Tale of a ‘DeMon’ that made small industries vanish from Guindy

Welding

CHENNAI: The humming of machines and the cacophony of industrial workers in the Guindy Industrial Estate, home to hundreds of small-scale units, is slowly getting silenced with the mushrooming of swanky Information Technology buildings, highlighting that all is not well with the small-scale sector. More than 75 per cent of Guindy IE, which was home to micro small and medium enterprises, have been converted into large-scale buildings housing software companies and IT-enabled services, says a Small Industries Development Corporation (SIDCO) official.

Hit by floods in 2015, the sector suffered back-to-back blows, thanks to the fund crunch caused by demonetisation and GST. Small businesses were caught between the devil and deep sea — paying taxes with their little funds while not being termed as non-performing asset.

“Everybody has been talking about the MSME sector but no one has been genuinely interested. Schemes have been announced but they have hardly been implemented in the last five years,” says Industrial Estate Manufacturers Association President K V Kanakambaram. Currently, more than 5,000 ancillary industrial units in Ambattur, Guindy and Alandur are dying as they don’t have any orders. The units are kept open so that they are not termed sick by banks, says Kankambaram.

“The small industry is becoming unviable for traders – as a result land is being leased or sold to software majors in Guindy IE,” says V S Narasimhan, former president of Tamil Nadu Small and Tiny Industries Association.Interestingly, small and medium enterprises had high hopes with the launch of the Pradhan Mantri Mudra Yojana in 2015. But to their disappointment,  the disbursement was done by micro-finance institutions (MFIs), instead of the banks and these institutions cater to the rich, which left the small enterprises struggling for cash, says Narasimhan. 

“During the last five years, the expected growth of the MSME sector as promised by the Union government, is not there,” says Narasimhan. While there is not much data on sick units in the State, it is learnt that a government policy note attributed that 50,000 sick industrial units have been shut down and there has been loss of five lakh jobs. But Kankambaram says it would be more than that. “Currently, there is no proper data on sick industrial units in the State. Many units are being closed under Sarfesi Act, wherein if interest or principal is not paid, the unit will be taken over by banks,” he says.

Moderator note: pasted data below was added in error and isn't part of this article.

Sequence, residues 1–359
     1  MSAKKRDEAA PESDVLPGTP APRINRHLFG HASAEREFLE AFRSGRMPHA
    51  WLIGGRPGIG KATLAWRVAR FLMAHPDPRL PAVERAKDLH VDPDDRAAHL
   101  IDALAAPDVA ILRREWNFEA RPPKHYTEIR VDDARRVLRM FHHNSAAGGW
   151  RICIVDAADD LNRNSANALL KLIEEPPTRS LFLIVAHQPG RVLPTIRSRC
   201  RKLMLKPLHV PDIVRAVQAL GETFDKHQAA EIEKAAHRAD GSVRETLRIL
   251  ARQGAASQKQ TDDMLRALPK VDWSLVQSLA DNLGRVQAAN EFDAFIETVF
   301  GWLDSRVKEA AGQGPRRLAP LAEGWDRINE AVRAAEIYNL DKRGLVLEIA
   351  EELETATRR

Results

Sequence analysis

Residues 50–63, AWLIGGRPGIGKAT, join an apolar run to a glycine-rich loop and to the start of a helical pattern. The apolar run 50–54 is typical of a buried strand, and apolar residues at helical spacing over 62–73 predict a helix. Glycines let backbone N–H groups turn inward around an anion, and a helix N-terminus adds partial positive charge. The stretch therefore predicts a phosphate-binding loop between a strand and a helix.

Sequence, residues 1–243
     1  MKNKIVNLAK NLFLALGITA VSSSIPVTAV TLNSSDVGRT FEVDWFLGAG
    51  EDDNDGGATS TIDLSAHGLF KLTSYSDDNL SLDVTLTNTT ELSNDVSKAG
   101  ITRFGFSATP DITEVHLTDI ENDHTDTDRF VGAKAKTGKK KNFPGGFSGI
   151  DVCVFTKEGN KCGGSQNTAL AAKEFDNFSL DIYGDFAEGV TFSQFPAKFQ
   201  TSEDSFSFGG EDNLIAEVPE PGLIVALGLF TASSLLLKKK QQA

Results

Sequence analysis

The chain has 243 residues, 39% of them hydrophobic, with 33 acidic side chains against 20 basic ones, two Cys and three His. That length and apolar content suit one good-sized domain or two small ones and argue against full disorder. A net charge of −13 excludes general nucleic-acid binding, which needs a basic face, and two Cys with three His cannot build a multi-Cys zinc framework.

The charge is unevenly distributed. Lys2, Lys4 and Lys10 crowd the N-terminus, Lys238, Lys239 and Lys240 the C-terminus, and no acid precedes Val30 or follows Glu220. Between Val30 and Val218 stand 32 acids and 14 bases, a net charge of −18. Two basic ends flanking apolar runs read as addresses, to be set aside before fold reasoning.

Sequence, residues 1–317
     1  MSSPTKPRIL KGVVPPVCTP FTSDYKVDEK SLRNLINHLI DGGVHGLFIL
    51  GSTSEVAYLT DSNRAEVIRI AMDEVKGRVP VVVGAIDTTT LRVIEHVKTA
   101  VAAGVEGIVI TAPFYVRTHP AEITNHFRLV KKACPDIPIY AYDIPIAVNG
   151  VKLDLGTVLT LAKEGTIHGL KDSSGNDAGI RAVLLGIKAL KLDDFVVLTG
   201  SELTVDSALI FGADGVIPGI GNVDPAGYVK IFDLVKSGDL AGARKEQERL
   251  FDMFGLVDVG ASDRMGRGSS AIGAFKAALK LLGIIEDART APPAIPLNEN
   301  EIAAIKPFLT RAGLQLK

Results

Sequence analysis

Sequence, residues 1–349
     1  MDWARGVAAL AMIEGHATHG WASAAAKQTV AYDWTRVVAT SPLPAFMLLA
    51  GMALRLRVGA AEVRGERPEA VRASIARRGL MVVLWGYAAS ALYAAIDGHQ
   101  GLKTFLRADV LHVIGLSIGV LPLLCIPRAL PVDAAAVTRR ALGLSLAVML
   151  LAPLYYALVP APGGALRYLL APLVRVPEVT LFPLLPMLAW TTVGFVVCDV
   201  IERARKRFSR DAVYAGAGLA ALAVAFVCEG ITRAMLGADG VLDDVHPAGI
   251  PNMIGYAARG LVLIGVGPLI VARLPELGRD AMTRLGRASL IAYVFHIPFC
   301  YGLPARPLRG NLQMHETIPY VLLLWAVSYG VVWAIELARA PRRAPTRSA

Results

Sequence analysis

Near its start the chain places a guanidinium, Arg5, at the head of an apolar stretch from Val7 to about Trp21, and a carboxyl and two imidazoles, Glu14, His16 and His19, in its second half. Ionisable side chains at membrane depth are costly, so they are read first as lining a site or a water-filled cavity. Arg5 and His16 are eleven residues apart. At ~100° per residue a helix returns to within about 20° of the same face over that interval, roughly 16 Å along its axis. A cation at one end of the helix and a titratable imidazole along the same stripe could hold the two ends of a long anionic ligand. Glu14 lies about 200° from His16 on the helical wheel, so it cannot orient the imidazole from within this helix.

TV Hariharan, president of Chennai District Small Scale Industries Association, says that the industry is not happy with the position they are in. “The GST should have been simplified. The Union government promised one tax across the country but every now and then, they have been bringing in changes. Why?” he asks. Traders say that they are not afraid to pay GST but the issue is delay in getting payment from public sector units. “This results in paying from our pocket to avoid fine for not paying GST on time,” says Hariharan.

Narasimhan recalls that during the tenure of then PM Atal Behari Vajpayee, small industries were struggling due to excise duties. “The PM then appointed the Gupta Committee which suggested relaxation from taxes. Now lot of units are going into insolvency.”Interestingly, a fifth of micro small and medium enterprises credit requirement is met by banks and the rest comes from money lenders and non banking financial corporations. “Since private lending has stopped, the small traders don’t have liquid cash as the institutional investors will only support the rich,” alleges Narasimhan.

The sick industrial units in IEs have hit the job prospects of engineering graduates who pass out from 526 engineering colleges in the State. Many of them opt for blue collar jobs, some end up as taxi drivers and some switch fields,” says a government official.Kankambaram hailed RBI’s decision to permit one-time restructuring of existing loans to enterprises that are in default but ‘standard’ as on January 1, 2019, without an asset classification downgrade.

How can NBFCs be encouraged to help SMEs?

Restructuring without an asset classification downgrade will save the lenders from higher provisioning burden. This will encourage banks and non-banking finance companies (NBFCs) to take up restructuring in case of MSMEs

[“source=newindianexpress”]